PBS Online NewsHour, “Assessing the significance of the Lott controversy”
[…] SUAREZ: You might say they have nowhere to go but up. A poll taken Sunday by the Gallup organization says six percent of blacks in the United States say the Republican Party best reflects their views. But a lot of Republicans, Professor Berlin, are trying — say they’re trying to get American politics to a post-race, issue-based footing. Is that possible now?
IRA BERLIN: That’s interesting. Issue-based — what exactly is that going to mean? My feeling is that voters, both white and black, generally read their understanding of politics is fairly shrewd and fairly correct. That is there’s a reason only six percent of black people consider themselves Republican. What exactly are the issues that are involved here? We know in some ways we are a more segregated society than we were in 1956. We know that changes in terms of the distribution of wealth have not changed greatly; that a disproportionate number of people of African descent are at the bottom, that affirmative action is a policy, in its various forms, that is something that black people are very interested in.
There are a whole variety of other issues that also draw black people to the Democratic Party, even with all of the baggage that the Democratic Party itself, you know, itself carries. Now it seems to me, if you want to move black people out of the Democratic Party, you’ve got to address those issues. Is the Republican Party prepared to do that? […]
Atlanta Journal-Constitution, Mae Gentry, “Mall at Stonecrest offers black and white Santas”
Santa at Stonecrest has an identity crisis.
Sometimes he’s white; sometimes he’s black. And mall managers aren’t sure what to call him.
Last year, when the newly opened Mall at Stonecrest celebrated its first Christmas, a white- bearded, rosy-cheeked Santa greeted shoppers and their children.
But metro Atlanta’s newest mall, on the border between DeKalb County and Rockdale County, draws customers from both areas — heavily black south DeKalb and predominantly white Rockdale.
“We had a lot of requests from the community to fulfill both markets that we have here at Stonecrest,” said marketing coordinator Kimberly Handberry.
So mall managers hired a local African-American actor, Charles Black, to work weekends and dubbed him “Cultural Santa,” leaving the daily duty to what they called “Traditional Santa.” When word of the two Santas broke out, irate people contacted Stonecrest’s marketing director, Donald Bieler. […]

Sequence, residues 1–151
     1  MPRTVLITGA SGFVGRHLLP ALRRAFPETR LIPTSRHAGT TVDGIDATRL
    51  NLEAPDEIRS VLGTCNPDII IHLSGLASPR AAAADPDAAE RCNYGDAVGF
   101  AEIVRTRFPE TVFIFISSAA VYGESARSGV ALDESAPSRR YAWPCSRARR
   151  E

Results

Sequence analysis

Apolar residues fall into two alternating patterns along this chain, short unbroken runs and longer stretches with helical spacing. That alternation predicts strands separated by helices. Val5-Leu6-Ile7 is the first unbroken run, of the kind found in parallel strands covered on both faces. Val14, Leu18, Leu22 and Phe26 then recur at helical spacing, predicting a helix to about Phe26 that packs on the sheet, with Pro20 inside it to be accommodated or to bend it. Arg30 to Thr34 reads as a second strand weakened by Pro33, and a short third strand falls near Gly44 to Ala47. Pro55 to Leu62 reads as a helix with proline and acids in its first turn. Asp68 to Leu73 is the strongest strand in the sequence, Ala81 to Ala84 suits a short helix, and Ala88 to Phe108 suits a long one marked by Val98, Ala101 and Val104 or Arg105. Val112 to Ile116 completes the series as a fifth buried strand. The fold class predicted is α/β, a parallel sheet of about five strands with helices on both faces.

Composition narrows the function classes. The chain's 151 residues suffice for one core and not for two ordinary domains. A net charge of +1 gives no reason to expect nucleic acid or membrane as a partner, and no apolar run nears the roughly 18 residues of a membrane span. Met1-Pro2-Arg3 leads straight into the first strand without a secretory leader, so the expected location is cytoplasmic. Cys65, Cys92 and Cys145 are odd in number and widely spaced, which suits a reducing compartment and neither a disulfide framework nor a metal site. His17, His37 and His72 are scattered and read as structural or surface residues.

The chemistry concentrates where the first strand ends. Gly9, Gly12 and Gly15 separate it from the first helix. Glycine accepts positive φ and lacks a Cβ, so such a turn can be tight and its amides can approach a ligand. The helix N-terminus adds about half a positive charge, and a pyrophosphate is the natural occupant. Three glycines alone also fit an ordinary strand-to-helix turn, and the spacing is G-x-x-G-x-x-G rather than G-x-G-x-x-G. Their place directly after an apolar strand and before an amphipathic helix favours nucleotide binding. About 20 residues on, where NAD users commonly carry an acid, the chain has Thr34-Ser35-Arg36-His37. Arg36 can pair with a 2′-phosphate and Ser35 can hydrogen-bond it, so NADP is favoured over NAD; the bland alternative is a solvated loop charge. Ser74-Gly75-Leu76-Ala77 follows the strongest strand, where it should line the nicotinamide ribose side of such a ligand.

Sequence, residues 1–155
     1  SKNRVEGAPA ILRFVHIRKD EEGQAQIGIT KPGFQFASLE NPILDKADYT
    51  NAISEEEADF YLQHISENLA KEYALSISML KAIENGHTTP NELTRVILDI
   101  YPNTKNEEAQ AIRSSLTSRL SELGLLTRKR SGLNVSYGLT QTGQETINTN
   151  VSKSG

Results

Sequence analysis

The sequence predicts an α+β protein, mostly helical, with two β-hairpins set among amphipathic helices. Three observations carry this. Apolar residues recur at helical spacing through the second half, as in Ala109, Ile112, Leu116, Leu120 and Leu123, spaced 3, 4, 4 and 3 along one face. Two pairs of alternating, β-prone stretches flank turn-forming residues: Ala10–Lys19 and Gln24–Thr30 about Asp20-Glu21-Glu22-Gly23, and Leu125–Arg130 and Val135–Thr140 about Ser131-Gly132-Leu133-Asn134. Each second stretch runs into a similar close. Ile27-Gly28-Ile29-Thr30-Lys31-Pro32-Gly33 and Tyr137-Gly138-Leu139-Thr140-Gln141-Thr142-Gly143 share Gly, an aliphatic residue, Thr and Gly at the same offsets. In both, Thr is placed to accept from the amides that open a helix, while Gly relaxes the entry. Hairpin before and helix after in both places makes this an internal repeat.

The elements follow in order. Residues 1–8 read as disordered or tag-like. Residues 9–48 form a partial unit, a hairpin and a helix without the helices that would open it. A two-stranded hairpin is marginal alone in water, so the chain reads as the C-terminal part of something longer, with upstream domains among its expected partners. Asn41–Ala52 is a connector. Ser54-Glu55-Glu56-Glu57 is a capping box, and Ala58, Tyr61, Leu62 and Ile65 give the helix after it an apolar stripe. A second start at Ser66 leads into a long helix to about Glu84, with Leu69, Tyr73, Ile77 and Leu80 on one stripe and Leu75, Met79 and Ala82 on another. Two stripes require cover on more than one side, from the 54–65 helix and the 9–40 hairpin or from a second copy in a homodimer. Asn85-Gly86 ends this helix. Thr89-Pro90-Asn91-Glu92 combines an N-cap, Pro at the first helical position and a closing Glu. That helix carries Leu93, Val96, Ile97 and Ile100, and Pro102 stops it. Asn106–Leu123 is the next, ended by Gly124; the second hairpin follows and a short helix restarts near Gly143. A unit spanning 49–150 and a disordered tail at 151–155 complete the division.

Guardian 2002 bumper news quiz
You scored 33 out of a possible 50
More alert than most. Check the answers page to see which areas you need to work on for next year but otherwise give yourself a pat on the back.
Sacramento Bee, Peter Schrag, “California secedes — A midwinter night’s dream”
It began as no more than a gesture of protest, when a group of California Democrats, led by U.S. Sen. Barbara Boxer and House Minority Leader Nancy Pelosi, put on the November 2004 ballot the California Dignity Initiative, a measure calling on the state’s congressional delegation to renegotiate California’s relationship to the Union. […]
Washington Post, Daryl Fears, “People of Color Who Never Felt They Were Black”
[…] Although most do not identify themselves as black, they are seen that way as soon as they set foot in North America.
Their reluctance to embrace this definition has left them feeling particularly isolated — shunned by African Americans who believe they are denying their blackness; by white Americans who profile them in stores or on highways; and by lighter-skinned Latinos whose images dominate Spanish-language television all over the world, even though a majority of Latin people have some African or Indian ancestry. […]
Me, too. From my mother’s sleep I fell into the State, and so on.
For later perusal: The Atlantic, Maggie Scarf, “Intimate Partners” (after vague curiosity with Barbara Dafoe Whitehead’s latest work on single women) and Esquire, Jonathan Nolan, “Memento Mori” (after curling up with A. to watch rented copies of “Afterlife” and “Memento,” which sandwiched a sojourn to the Piedmont for Almod�var’s “Talk To Her”).
John and Kate Snyder (née Maletz), witnesses and photographers when A. and I wed in September 1999, have had a busy year. Good on ’em!